Hawai‘i’s Sugar Fields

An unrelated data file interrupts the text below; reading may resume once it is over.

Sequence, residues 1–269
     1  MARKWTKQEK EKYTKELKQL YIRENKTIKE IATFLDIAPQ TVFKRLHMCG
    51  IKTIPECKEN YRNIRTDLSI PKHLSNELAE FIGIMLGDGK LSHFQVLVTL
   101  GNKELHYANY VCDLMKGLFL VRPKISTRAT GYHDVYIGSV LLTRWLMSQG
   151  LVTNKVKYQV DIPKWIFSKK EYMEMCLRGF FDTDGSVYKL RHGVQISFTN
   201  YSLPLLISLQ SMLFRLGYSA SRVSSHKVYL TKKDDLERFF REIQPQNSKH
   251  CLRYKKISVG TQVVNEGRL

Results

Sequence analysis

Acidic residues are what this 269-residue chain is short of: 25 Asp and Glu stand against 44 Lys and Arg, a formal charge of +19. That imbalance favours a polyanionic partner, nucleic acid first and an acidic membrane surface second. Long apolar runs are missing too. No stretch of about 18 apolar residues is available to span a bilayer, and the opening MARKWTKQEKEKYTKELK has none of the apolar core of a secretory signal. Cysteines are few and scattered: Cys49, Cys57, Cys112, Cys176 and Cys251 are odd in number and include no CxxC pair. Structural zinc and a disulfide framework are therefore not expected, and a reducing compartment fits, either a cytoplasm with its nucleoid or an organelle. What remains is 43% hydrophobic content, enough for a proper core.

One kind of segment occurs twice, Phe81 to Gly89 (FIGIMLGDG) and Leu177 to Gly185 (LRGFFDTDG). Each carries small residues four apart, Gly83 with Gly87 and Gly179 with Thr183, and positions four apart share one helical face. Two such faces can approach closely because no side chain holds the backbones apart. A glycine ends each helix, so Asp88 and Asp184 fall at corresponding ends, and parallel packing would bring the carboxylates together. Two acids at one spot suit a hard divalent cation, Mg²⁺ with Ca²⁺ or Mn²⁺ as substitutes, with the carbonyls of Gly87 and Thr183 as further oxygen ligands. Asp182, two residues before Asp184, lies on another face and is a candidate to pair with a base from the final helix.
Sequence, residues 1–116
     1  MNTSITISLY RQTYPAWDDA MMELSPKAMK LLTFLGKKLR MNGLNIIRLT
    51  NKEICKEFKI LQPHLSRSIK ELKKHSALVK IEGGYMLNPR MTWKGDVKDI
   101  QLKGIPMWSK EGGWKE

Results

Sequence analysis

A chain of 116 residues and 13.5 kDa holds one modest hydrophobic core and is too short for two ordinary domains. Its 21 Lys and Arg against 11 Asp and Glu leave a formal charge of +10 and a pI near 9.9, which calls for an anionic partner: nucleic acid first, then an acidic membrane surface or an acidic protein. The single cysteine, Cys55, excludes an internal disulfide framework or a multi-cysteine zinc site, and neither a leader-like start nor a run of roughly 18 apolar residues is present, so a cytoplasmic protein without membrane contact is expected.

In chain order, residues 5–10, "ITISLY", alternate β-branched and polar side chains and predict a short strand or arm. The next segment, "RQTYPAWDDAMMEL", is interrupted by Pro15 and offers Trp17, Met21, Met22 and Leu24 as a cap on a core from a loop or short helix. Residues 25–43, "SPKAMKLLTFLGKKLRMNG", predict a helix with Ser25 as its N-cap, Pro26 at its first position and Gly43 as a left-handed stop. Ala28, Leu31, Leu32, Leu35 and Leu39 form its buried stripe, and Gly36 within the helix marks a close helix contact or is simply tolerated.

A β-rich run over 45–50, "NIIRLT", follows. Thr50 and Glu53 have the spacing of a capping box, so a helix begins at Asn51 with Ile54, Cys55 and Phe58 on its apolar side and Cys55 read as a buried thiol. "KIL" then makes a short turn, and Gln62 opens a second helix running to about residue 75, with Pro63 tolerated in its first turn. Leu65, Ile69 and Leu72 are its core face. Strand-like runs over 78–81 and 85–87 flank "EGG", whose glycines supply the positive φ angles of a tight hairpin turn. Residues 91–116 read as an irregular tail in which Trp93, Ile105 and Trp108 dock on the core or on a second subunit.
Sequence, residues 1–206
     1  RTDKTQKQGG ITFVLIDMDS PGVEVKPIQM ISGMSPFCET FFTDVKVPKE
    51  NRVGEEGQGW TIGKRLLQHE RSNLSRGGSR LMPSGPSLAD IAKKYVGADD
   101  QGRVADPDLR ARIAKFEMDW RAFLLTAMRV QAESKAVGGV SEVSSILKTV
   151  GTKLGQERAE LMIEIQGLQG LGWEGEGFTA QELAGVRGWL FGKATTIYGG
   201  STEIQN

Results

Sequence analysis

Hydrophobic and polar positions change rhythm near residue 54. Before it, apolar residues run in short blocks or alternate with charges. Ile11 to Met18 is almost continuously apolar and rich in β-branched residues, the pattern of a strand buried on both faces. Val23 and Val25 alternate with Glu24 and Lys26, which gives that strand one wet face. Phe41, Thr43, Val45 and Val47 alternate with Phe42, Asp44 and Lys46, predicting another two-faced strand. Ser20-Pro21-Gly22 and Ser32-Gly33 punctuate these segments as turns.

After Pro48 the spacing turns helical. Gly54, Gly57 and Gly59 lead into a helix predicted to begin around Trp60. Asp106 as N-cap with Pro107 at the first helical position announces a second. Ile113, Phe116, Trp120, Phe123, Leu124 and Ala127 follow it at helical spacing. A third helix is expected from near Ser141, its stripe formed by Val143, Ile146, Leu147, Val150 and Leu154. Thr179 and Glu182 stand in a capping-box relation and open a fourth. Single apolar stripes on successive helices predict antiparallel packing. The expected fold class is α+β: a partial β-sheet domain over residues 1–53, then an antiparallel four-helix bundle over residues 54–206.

This chapter too shows how poverty among Japanese immigrants on Hawai’ian sugar plantations differed from that in Japan’s cities. It begins with the reasons for immigration and the locales from which people came, as well as the process for getting to the plantations. A section on the sugar fields focuses on how hard the work was, how cruel overseers (lunas) were, and the role played by women. The section on camp life shows the importance of baths and temples and how the coming of women and of religious and educational institutions stabilized the camps. And a section on change discusses the emergence of labor activism, the remittances sent to families in Japan, the growing diversity of jobs, the improvement health care, and the importance of education, including Japanese-language schools. The chapter concludes that change occurred more rapidly in Hawai’i than in the hinminkutsu, for reasons that were primarily structural.
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